The opening suite starts with a French Ouverture, scored for two flutes and strings. A slow introduction, marked Lentement and repeated, is followed by a fugal section, leading to a passage in thirds for the flutes, followed later by a passage for two solo violins and then by moments of prominence for a solo cello. The music of the slow introduction duly retums, followed by a repetition of the rapid fugato, concluded by the retum of the slow introduction. The second movement, Réjouissance, a cheerful French element in Galanterien of the period, frarnes a central section for solo flutes and violins with continua between a repeated outer section that reflects Telemann's elsewhere expressed musical idea of French esprit. This is followed by a Rondeau in which the opening section returns between passages for the solo instruments, the second of which again finds room for the display of a solo cello. The Loure, here in 6/4, has been described as a slow gigue. Once again the opening section is used to frame a central section for solo instruments. There is a rapid Passepied, with a central section for solo instruments in the key of E major. The dance keeps the characteristic break in rhythm towards the close of the framing outer section. The Air that follows has the dimensions in itself of a concerto movement, with three sections for the solo instruments, punctuated by the opening ritornello, the retuming phrases that give the movement its structure. The suite ends with the now customary Gigue, where full scope is found for French notes inégales, the unwritren code by which adjacent notes written as equal might be played in an uneven, dotted rhythm.

The Quartet in G major is scored for flute, oboe, violin, cello and continuo. It starts with a slow movement in the dotted compound rhythm of a Siciliana. This leads to a fugato and a retum of the slow introduction. Flute and violin offer a contrapuntal duet at the start of the Vivace, joined by the oboe. This is interrupted by a slower passage, marked Moderato and in E minor. The Vivace retums to restore the original key and mood, a display of the light-hearted contrapuntal technique that endeared Telemann to contemporary musical amateurs. A brief transitional passage forms a bridge to the final Vivace, in the rhythm of a gigue, bringing the quartet to an ebullient end.

The third section of the first part of the Musique de table is a Concerto for solo flute and violin, with passages for solo cello. After the opening passage for the whole ensemble, the flute enters, echoed by the violin. Before long a place is found for a solo cello, which now joins with the other solo instruments in an accompanying triplet rhythm. An energetic Allegro follows, the opening ritornello punctuating passages for the solo instruments. At the heart of the movement is an F sharp minor passage for flute and solo violin, accompanied principally by plucked strings. The slow movement, marked Gratioso, is in a lilting triplet rhythm, marked by the requirements of French style. The final Allegro provides the proper contrast of solo passages and ritornello. Trills in the lower strings are used to provide the suggestion of percussion. An A minor section is introduced by the solo cello, followed by the violin and then the flute, ending in a rising chromatic passage briefly recalling Vivaldi. The first section of the movement is repeated, to bring the concerto to an end.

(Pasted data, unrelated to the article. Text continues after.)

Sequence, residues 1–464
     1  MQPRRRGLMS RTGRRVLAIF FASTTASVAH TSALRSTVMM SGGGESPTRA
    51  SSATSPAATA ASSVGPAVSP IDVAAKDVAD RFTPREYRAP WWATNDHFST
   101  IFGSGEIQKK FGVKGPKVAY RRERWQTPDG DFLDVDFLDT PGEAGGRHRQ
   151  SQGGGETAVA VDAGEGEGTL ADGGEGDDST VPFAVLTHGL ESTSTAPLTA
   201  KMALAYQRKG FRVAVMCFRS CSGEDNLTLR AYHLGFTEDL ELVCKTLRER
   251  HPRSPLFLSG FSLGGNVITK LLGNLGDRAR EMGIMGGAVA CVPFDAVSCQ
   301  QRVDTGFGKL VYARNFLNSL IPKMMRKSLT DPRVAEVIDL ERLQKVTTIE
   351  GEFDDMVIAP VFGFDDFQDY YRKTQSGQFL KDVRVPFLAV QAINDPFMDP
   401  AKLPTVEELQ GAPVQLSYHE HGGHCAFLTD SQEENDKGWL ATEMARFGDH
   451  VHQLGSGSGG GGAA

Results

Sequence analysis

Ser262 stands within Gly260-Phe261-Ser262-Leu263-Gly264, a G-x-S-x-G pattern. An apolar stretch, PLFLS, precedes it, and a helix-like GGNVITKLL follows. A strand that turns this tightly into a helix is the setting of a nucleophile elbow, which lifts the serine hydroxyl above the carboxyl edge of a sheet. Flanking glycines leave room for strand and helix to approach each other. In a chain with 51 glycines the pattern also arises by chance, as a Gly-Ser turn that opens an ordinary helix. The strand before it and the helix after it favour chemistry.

The Orchestra of the Golden Age
In 1995 the Orchestra of the Golden Age made its critically acclaimed début recording of music by Henry Purcell with Naxos. This marked the rapid development of the ensemble, since its first concerts in 1992. Based in Manchester, it was formed by the cellist Robert Glenton to bring performance on original instruments to a wider audience and quickly established a reputation for itself beyond the boundaries of its home-town. The orchestra has recorded for the BBC and appeared at the Flanders Early Music Festival, part of a schedule that brings other appearances overseas. A generous award by the Arts Council of England National Lottery Arts Fund has made possible further acquisitions to augment the orchestra's existing collection of original instruments.

Violin I - Anne Schuman
Violin II - Julia Bishop
Violin III - Joanna Parker

Cello - Robert Glenton

Flute I - Edwina Smith
Flute II - Felicity Bryson

Oboe I - Heather Foxwell
Oboe II - Heather Kershaw

Bassoon - Christopher Robson

Horn I - Roger Montgomery
Horn II - Gavin Edwards

Trumpet - David Blackadder

Harpsichord - Bernard Robertson

Robert Glenton
The cellist Robert Glenton is a musician of some versatility, his activities having ranged from leading, on trumpet, his own jazz band to the performance of charnber music at Windsor Castle, from playing with Frank Sinatra and the Count Basie Orchestra to appearance as soloist in Elgar's Cello Concerto. He won early distinction as a student cellist at the London Royal Academy of Music, subsequently working as a soloist and chamber-music player, with a period spent in New Zealand and Australia and in conducting-studies in Vienna. Since his return to Britain, he has devoted his time principally to original instrument performance and the creation of the Orchestra of the Golden Age.